|3rd United States Postmaster General|
February 25, 1795 – November 28, 1801
|Preceded by||Timothy Pickering|
|Succeeded by||Gideon Granger|
July 28, 1751|
Savannah, Georgia, British America
November 17, 1815 (aged 64)|
Savannah, Georgia, U.S.
|Battles/wars||American Revolutionary War|
Born in Savannah, Georgia, to James Habersham and Mary Bolton, he attended preparatory schools and Princeton College and became successful merchant and planter. He was married to Isabella Rae, who was the sister-in-law of Col. Samuel Elbert. They had one son, Robert Habersham.
He was a member of the council of safety and the Georgia Provincial Council in 1775 and a major of a battalion of Georgia militiamen and subsequently a colonel in the 1st Georgia Regiment of the Continental Army. He had to resign from the army after he served as Lachlan McIntosh's second in the controversial duel that killed Button Gwinnett.
He and his brothers, James Jr. and John, were active in Georgia politics. Some older references state that Joseph was a delegate to the Confederation Congress in 1785, but this may stem from confusion with his brother John, who was a delegate at that time. Joseph served as Speaker of the Georgia House in 1785 and was a member of the Georgia convention in 1788 that ratified the U.S. Constitution.
He served as mayor of Savannah from 1792 to 1793 and then was appointed Postmaster General by President George Washington in 1795 and served until the beginning of Thomas Jefferson's administration in 1801. When Habersham created the office of first assistant postmaster-general in 1799, Abraham Bradley, Jr. was appointed to the office. In 1802, Bradley named one of his sons, Joseph Habersham Bradley (later a notable Washington, D.C. attorney), after his former superior.
Joseph Habersham was also a Savannah Freemason. He is recorded as a masonic member of Solomon's Lodge No. 1, F. & A. M. at Savannah, Georgia. Solomon's Lodge No. 1, F. & A. M. at Savannah was founded by renowned statesman, philanthropist and Freemason James Edward Oglethorpe on February 21, 1734. Joseph Habersham's father James Habersham, both of his brothers, and his noted descendant, the Savannah Painter, Richard West Habersham (the intimate friend of Samuel F. B. Morse inventor of the telegraph) were all Freemasons and members of Solomon's Lodge.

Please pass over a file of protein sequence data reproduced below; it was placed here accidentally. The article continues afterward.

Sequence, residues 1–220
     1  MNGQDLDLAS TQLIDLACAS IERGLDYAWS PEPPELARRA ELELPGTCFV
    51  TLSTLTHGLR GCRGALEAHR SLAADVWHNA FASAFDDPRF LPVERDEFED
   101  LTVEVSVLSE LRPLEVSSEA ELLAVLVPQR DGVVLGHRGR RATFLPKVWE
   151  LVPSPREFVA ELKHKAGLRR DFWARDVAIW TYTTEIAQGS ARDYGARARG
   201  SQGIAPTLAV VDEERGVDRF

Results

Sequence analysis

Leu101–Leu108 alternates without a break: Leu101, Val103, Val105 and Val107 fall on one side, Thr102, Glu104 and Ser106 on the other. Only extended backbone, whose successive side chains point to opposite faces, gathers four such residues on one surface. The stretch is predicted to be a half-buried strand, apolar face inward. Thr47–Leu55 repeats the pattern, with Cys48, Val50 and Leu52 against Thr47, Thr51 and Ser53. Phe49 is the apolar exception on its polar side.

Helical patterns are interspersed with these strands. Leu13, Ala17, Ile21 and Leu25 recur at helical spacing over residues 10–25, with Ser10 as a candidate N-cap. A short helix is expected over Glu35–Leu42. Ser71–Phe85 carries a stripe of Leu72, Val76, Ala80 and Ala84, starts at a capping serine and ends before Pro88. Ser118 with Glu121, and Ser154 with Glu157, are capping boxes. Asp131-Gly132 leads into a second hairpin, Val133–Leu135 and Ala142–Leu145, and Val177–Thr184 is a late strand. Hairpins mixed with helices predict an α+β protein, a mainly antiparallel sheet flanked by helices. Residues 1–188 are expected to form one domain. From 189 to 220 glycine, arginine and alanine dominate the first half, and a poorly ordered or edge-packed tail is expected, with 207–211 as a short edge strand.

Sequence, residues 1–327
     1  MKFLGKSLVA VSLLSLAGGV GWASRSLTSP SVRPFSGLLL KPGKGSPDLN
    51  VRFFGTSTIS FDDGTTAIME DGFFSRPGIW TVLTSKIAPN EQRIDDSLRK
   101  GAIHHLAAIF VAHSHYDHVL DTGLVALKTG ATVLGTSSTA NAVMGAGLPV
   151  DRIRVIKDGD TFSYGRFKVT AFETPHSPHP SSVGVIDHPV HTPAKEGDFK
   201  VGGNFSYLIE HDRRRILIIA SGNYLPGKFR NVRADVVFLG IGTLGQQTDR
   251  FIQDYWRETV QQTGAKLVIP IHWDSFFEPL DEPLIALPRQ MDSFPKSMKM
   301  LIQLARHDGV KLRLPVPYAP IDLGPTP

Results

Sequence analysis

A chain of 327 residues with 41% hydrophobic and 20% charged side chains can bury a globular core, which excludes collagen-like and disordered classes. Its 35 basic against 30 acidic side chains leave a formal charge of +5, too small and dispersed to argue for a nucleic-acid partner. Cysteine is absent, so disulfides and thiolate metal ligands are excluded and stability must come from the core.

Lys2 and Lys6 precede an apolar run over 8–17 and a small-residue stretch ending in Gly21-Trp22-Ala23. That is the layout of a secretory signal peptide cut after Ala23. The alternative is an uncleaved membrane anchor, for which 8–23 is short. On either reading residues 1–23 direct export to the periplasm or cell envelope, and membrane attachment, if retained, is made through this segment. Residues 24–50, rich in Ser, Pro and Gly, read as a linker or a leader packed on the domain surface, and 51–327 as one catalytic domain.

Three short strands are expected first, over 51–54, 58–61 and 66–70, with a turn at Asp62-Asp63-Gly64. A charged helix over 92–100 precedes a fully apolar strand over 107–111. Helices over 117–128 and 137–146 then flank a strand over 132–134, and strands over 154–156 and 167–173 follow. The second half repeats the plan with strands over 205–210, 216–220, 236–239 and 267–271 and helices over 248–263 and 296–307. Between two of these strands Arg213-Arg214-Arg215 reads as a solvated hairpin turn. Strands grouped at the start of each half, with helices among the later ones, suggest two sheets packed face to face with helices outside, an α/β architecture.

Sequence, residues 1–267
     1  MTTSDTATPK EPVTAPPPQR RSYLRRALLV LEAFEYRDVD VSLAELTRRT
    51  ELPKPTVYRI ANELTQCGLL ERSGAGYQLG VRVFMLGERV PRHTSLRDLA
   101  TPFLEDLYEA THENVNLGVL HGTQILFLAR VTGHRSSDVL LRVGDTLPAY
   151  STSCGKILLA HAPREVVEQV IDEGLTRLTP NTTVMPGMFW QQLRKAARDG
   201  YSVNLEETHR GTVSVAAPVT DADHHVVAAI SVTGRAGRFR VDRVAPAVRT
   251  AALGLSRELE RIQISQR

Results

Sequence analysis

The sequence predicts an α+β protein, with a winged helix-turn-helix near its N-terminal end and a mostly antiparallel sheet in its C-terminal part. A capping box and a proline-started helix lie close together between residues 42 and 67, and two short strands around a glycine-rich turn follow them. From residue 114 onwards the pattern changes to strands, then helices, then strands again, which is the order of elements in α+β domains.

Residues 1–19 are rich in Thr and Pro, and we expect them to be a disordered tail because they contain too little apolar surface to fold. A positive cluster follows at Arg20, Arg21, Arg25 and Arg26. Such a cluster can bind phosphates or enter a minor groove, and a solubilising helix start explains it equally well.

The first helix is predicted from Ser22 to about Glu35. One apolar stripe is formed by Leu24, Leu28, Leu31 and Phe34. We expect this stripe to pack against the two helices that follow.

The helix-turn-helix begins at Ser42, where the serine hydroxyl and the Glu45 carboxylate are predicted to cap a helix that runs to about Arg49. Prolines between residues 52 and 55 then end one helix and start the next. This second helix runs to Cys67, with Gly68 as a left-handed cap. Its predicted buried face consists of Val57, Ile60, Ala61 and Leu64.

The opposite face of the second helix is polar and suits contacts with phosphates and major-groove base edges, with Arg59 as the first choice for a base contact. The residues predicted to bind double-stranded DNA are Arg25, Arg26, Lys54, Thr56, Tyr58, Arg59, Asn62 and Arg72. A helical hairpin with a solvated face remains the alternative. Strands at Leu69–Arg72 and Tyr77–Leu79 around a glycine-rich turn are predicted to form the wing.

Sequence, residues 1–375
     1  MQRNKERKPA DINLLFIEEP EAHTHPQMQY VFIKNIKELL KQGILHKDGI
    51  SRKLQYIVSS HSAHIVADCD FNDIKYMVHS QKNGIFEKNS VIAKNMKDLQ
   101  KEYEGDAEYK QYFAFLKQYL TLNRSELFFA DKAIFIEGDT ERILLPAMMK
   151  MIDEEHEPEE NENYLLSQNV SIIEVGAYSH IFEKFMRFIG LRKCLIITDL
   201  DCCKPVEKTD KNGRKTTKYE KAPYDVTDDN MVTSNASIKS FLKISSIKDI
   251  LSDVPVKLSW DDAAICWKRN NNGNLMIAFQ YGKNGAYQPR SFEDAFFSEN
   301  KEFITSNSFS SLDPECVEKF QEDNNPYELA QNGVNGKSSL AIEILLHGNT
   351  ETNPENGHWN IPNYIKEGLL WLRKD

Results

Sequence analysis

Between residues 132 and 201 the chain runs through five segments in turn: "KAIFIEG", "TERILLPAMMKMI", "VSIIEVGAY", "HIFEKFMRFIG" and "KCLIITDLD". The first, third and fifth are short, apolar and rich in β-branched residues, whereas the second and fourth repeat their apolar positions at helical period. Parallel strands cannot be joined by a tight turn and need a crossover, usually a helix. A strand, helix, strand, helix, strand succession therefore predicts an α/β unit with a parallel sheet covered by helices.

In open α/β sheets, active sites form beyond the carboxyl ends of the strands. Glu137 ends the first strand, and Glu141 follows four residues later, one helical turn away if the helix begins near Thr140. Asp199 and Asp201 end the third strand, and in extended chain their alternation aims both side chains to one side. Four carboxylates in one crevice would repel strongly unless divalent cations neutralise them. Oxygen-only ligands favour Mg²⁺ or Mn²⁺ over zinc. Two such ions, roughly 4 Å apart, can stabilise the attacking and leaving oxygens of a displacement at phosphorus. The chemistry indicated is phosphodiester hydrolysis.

- Marsh, Ben (2004). "Women and the American Revolution in Georgia". Georgia Historical Quarterly. 88 (2). Retrieved 13 October 2016.
- Mebane, John (1963). "Joseph Habersham in the Revolutionary War". The Georgia Historical Quarterly. 47 (1): 80. JSTOR 40578255.
- Mark Boatner, Encyclopedia of the American Revolution, 2nd ed., p. 474. Joseph Habersham's entry in the American National Biography makes no mention of service in the Confederation Congress.
- Frances Harrold, "Habersham, Joseph"; American National Biography Online, February 2000.
- Bradley, Charles S.; Columbia Historical Society (1903) [May 12, 1902]. "The Bradley Family and Times in Which They Lived". Records of the Columbia Historical Society, Washington, D.C. 6. Washington, D.C.: Columbia Historical Society. Retrieved June 8, 2009.
- Gannett, Henry (1905). The Origin of Certain Place Names in the United States. Govt. Print. Off. p. 146.
- Freemasonry and United States Government, Chapter 4, By James Davis Carter, Committee on Masonic education and service, for the Grand Lodge of Texas
- New Georgia Encyclopedia: The Habersham Family
- Seibert, David. "Habersham Brothers historical marker". GeorgiaInfo: an Online Georgia Almanac. Digital Library of Georgia. Retrieved 13 October 2016.
- Summer Home of Joseph Habersham historical marker
- United States Congress. "Joseph Habersham (id: H000002)". Biographical Directory of the United States Congress.
| Mayor of Savannah
| United States Postmaster General
Served under: George Washington, John Adams, Thomas Jefferson
1795 – 1801